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Le Mans 24 Hours of Le Mans

"Killing tyres" on damp track cost Cadillac chance at Le Mans victory

Cadillac's Alex Palou and Earl Bamber say tyre struggles in mixed conditions were their "biggest issue" in a Le Mans race they were leading three hours from the chequered flag.

Although it was down in 17th position three hours into the World Endurance Championship's most famous race after qualifying second at the hands of Alex Lynn, the #2 V-Series.R achieved a solid race thereafter.

Despite very unstable weather conditions, there was little trouble to report for the blue Chip Ganassi-run car besides a nose change in the night.

It thus rose to the lead, which it occupied at the 21st hour of the contest – although its strategy was out of sync with its rivals, meaning it often tumbled down the order at pitstops.

However, the #2 Cadillac struggled in the last part of the race, as several showers damped an otherwise slowly drying track, and it finished just seventh, 49 seconds off the race-winning #50 Ferrari.

"Obviously sad that I couldn't fight for the win," Palou told Motorsport.com after his maiden Le Mans 24 Hours race. "We were looking really good, I would say, from ten hours to go. Then even the last two hours.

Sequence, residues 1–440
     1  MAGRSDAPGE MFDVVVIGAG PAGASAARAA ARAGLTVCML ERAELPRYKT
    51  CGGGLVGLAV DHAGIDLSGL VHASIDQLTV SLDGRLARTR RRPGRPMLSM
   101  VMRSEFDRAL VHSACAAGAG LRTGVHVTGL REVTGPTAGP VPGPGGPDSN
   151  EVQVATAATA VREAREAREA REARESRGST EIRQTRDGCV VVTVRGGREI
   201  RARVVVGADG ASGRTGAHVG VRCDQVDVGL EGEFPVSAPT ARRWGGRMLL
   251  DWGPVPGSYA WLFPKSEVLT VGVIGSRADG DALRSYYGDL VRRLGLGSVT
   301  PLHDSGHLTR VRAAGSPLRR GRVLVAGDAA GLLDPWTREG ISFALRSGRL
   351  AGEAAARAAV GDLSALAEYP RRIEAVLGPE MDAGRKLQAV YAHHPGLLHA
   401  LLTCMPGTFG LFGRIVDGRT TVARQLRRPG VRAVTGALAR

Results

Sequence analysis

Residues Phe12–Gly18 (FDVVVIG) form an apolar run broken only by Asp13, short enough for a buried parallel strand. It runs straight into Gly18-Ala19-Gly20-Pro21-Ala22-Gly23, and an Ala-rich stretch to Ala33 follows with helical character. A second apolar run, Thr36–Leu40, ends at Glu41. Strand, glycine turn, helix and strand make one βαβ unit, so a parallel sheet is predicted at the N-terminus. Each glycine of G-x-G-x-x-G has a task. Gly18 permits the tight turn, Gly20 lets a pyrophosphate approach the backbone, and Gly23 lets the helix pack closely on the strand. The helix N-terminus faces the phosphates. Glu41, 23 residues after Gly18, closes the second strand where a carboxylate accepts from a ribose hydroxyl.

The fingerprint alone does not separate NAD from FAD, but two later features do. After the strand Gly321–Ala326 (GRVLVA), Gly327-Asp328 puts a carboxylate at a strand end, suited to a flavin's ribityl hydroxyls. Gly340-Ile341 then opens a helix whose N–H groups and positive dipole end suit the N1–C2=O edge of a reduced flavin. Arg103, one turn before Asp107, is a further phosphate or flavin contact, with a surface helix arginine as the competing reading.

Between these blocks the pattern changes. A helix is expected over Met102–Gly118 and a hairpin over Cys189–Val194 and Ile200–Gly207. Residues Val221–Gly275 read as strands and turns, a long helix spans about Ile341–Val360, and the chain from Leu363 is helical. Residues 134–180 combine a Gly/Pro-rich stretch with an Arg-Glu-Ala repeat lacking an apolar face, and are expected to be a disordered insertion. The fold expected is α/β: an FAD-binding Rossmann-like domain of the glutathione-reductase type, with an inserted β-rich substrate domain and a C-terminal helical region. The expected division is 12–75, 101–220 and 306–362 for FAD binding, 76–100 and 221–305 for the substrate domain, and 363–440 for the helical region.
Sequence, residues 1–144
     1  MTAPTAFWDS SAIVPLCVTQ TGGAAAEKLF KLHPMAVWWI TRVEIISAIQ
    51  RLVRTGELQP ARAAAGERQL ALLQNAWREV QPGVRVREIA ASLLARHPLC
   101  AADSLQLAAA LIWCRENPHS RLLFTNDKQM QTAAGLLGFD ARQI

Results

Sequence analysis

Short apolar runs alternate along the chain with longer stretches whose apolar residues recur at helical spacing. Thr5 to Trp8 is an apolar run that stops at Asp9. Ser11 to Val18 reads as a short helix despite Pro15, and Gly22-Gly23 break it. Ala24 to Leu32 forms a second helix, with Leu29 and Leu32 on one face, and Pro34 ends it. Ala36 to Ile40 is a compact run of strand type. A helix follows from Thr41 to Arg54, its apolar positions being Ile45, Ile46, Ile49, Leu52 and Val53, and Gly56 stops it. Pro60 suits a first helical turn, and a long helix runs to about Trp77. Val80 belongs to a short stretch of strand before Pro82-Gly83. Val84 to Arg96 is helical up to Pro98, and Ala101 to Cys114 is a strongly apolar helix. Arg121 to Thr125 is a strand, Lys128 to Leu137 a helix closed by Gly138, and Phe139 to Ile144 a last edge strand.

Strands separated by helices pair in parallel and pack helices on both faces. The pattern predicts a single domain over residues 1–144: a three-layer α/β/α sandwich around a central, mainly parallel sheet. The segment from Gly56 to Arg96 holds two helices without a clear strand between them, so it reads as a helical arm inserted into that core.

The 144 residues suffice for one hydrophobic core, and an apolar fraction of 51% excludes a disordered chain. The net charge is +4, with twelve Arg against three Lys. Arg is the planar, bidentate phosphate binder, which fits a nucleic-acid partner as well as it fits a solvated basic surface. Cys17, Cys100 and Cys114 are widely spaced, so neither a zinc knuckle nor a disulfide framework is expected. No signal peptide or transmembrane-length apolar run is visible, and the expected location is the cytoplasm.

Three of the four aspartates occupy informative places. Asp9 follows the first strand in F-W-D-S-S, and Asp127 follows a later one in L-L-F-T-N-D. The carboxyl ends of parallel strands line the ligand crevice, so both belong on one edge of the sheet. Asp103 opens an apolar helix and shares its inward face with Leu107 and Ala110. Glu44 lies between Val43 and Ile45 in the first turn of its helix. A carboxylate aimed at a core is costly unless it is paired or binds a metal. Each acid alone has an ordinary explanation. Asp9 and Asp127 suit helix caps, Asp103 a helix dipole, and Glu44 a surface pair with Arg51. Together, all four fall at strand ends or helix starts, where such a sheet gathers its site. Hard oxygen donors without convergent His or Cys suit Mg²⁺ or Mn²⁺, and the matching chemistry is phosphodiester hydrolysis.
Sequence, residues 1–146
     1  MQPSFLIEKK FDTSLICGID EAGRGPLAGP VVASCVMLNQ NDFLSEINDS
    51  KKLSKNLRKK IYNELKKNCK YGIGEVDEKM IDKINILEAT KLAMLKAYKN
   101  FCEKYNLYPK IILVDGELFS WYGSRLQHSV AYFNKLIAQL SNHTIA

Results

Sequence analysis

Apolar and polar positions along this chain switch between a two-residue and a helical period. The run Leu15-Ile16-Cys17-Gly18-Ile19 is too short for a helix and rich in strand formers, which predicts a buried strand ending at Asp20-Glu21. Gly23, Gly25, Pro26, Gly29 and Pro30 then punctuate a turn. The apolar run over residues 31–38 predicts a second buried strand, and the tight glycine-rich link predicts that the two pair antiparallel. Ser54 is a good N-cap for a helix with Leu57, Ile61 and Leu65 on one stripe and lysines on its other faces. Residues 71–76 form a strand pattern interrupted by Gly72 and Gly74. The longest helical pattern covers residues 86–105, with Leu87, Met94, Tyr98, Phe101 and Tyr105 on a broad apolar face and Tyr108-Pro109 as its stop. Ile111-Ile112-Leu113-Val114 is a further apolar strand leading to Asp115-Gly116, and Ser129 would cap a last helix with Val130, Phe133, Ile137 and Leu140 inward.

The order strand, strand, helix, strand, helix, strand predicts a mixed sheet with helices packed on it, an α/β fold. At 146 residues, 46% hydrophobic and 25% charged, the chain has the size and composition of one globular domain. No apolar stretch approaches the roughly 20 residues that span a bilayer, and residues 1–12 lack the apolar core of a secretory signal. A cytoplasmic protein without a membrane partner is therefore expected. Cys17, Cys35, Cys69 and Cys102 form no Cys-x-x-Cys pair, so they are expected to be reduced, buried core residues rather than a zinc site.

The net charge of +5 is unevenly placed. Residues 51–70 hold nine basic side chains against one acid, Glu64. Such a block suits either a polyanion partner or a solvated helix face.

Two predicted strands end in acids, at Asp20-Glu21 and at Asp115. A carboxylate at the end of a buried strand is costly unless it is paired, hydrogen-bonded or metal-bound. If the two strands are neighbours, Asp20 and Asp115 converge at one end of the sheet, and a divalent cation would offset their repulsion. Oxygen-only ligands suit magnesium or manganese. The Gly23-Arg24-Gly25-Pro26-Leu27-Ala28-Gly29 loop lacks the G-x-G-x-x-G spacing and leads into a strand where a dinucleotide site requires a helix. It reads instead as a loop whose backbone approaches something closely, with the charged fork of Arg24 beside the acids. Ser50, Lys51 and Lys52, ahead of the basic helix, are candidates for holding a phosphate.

"Unfortunately, didn't really have the pace we needed at the end. Just struggled a lot with overall grip on the rain and in mixed conditions. A lot of fun, some really good stints, but at the end we didn't really have the pace we needed."

#2 Cadillac Racing Cadillac V-Series.R: Earl Bamber, Alex Lynn, Alex Palou

#2 Cadillac Racing Cadillac V-Series.R: Earl Bamber, Alex Lynn, Alex Palou

Photo by: Shameem Fahath

Asked if there were things that he and Cadillac could improve based on their performance at Circuit de la Sarthe, Palou replied: "Always! There are always things you can improve on small races, imagine on a 24-hour race! I think everybody feels the same way.

"Just struggled a lot on the mixed conditions. I think we were good on fully wet, good on fully dry, but not great on mixed conditions. We need to see if it was the car set-up, if it was the driving, if it was the BoP that didn't help, so I don't know at the moment, but for sure it wasn't ideal."

Subsequently asked to expand on his feeling in mixed conditions, Palou added: "Just a lack of pace. We couldn't go fast. When we tried and pushed, we were killing the tyres. Normal lack of pace, the car felt okay until we tried too match everybody else's pace, and then we just lost a ton of grip."

Team-mate Earl Bamber, an outright Le Mans winner with Porsche in 2015 and 2017, concurred: "We had a great pace in the dry, but ultimately not the pace in the wet. That's what sort of killed our race at the end there. We were definitely in contention, that's another step closer to the goal."

The other two Cadillacs had a much tougher race, with the #3 car shared by Sebastien Bourdais, Scott Dixon and Renger van der Zande affected by a terminal oil leak after 18 hours.

It had previously got a drive-through penalty for speeding under full course yellow, and had a trip through the gravel at the hands of Bourdais at Indianapolis corner as well as suffering a whack against the wall by Van der Zande.

Meanwhile, the #311 car entered under the Whelen Cadillac Racing banner had a massive impact against the tyre barrier when Pipo Derani lost control at Indianapolis, all but putting an end to its race.

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